As the oldest known example of Latin hexameter poetry, Lucretius' De rerum natura continues to be the subject of much scholarly debate. Entire journal articles focus on the translation of single excerpts, and an accepted "standard" translation is yet to be published. The challenge lies not only in translating the work, but also in preserving its rhythms and imagery in a way that is meaningful to contemporary readers while maintaining the integrity of the text. Scholars and students of classicism admire the text for its lyrical presentation of scientific models. It is also an important text because it is the best single presentation of Epicurean ideals and classical atomic theory that is available. Although the hard science behind Lucretius' assertions concerning the physical world is somewhat naive, there are many ideas that have either been proven or are related to later, more sophisticated theories. In a review for Free Inquiry, Gordon Stein notes, "Granting his lack of equipment to measure things of an atomic (or even galactic) size, we must still marvel at how close his speculations came to the findings of modern science." As for Lucretius' religious beliefs (or lack thereof), critics find that the epic is still relevant to modern-day atheistic and agnostic beliefs.
One of Lucretius' major themes in De rerum natura is death. The ending of the poem, with its extended description of a plague that terrorized Athens, strikes many readers as abrupt and dark. The ending has, therefore, been fertile ground for critical debate. For a time, many scholars maintained that the sudden ending was evidence that the epic was incomplete. They argued that Lucretius intended to return to his masterpiece and finish it. Today, most scholars agree that the work is unfinished, but not because of the ending. In various places in the poem, Lucretius alludes to a later discussion of the gods and their living conditions, yet at the close of the work, he has not addressed this.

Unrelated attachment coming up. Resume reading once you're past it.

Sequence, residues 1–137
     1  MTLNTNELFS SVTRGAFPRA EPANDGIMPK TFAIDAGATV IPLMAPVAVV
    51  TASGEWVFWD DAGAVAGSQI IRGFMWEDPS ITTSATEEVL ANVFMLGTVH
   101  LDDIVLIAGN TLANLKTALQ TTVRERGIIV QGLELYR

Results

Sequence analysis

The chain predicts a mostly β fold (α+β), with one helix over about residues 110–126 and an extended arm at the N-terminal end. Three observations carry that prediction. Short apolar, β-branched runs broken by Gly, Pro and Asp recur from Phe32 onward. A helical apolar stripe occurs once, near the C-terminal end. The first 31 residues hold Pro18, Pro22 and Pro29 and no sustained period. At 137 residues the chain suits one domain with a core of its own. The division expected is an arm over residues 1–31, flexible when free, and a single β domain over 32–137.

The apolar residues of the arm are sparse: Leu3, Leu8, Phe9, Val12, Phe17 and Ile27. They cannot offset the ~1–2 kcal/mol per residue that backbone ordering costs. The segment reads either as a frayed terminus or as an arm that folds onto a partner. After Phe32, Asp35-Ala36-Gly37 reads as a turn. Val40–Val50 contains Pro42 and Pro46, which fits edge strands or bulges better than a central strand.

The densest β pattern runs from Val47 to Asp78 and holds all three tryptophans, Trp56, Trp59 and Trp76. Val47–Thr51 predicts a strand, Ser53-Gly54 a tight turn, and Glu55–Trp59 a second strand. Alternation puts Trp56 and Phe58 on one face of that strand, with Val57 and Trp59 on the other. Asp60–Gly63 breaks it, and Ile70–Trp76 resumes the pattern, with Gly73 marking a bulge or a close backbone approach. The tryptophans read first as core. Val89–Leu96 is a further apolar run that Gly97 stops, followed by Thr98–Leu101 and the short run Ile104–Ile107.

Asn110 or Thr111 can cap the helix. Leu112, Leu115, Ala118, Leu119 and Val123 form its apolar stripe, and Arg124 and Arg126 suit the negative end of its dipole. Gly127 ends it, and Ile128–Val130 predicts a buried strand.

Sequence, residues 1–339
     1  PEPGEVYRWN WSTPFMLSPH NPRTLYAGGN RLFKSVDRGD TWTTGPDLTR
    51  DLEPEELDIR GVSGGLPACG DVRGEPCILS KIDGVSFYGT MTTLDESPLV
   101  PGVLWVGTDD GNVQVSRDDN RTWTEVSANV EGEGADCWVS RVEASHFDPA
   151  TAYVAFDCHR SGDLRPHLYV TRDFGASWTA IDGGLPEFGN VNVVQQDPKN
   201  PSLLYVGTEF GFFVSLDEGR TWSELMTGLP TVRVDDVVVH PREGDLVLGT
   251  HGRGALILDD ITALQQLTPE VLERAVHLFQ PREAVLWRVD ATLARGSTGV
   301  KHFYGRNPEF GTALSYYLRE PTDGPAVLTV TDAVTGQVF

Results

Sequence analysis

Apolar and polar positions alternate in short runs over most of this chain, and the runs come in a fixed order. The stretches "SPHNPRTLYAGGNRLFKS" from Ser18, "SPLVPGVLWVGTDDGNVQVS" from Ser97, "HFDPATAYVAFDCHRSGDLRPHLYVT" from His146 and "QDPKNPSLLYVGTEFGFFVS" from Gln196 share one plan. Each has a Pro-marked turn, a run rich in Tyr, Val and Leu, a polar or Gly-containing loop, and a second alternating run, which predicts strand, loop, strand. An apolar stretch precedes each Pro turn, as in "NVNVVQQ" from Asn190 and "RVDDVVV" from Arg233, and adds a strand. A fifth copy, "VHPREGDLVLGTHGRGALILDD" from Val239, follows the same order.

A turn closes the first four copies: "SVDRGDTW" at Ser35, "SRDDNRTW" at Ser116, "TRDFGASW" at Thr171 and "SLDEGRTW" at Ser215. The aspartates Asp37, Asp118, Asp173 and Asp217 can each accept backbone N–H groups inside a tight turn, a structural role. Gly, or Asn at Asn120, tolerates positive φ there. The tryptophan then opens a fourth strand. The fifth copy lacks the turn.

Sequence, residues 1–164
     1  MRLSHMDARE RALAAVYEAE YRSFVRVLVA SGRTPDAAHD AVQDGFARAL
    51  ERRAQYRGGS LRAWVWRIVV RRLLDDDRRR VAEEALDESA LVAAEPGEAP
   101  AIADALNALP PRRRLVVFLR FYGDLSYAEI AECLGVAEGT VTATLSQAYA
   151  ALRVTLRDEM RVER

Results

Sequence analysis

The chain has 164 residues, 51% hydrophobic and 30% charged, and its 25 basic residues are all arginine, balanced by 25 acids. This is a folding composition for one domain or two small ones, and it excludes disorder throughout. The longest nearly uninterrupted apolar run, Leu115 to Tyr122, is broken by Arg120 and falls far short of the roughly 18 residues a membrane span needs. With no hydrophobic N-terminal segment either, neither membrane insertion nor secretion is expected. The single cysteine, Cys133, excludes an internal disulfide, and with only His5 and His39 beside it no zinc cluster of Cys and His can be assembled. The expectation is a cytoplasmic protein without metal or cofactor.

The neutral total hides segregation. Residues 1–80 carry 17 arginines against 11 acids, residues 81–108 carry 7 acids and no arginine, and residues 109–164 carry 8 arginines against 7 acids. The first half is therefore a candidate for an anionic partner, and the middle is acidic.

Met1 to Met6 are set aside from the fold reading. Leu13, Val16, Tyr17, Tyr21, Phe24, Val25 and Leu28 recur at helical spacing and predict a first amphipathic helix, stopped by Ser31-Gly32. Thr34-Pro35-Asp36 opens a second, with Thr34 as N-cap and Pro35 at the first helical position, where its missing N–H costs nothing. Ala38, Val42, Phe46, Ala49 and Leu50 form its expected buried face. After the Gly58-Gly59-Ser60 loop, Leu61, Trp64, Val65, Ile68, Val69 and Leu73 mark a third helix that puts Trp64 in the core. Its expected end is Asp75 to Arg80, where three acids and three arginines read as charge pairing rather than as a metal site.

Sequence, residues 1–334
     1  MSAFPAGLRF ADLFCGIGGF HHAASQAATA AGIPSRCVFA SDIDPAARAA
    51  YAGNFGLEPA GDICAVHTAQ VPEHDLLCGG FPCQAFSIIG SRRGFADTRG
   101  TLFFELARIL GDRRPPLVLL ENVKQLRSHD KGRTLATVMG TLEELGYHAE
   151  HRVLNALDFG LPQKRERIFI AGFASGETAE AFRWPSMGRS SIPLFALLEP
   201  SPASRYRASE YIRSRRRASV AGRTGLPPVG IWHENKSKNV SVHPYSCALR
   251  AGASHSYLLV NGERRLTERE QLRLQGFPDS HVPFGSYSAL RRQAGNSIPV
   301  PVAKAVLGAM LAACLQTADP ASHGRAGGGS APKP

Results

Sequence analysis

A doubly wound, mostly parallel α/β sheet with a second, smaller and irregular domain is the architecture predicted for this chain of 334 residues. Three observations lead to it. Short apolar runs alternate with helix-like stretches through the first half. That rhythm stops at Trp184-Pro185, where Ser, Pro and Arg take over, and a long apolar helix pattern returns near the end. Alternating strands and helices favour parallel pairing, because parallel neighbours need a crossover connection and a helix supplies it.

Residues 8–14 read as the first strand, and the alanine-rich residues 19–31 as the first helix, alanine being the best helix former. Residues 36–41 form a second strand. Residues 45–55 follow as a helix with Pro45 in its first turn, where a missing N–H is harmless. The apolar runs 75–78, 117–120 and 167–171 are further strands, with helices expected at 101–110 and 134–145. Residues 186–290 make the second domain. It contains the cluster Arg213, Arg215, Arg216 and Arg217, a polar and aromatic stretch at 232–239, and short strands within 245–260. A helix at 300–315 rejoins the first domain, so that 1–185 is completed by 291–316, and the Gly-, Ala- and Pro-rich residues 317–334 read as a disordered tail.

Although the ending seems abrupt, critics have devised various arguments to explain why Lucretius wanted his epic to end as it does. To some, the ending presents a sort of test for the reader. Having read Lucretius' account of death and the cyclical nature of the world, the reader has a choice. The reader either can be horrified at the scope of this historical event of human suffering; or can take comfort in the knowledge that with death comes life and the afflicted have nothing to fear because there is nothing beyond death—no judgment, no hell, and no desire. J. L. Penwill, in an article for Ramus—Critical Studies in Greek and Roman Literature, applies Lucretius' worldview to contemporary situations: "The victims of the plague are ... innocent. And in the pain of an individual death from cancer or AIDS, or in the face of natural disasters such as fire, flood, and earthquake, or even of ones that can be ascribed to human causes such as ethnic cleansing in Bosnia or genocide in Rwanda, the undeserved suffering again and again forces the anguished cry, 'Why does God let this happen?' The answer is simple. God has no interest in the matter. That is the way things are." Granted, this is a harsh view that clashes with popular religious belief systems, but later in the same article, Penwill offers an insight that reveals Lucretius' tenderness toward people: "Unlike the gods, human beings possess the quality of compassion."
Also related to Lucretius' theme of death is a seeming contradiction in the text. His Epicurean ideals dictate that there is nothing beyond death, and so people should neither fear it nor seek immortality. He states that the pursuit of immortality leads men into ruin as they become creatures of envy, cruelty, and selfishness. Still, Lucretius claims that he will secure poetic immortality through his great work. In Book One,...
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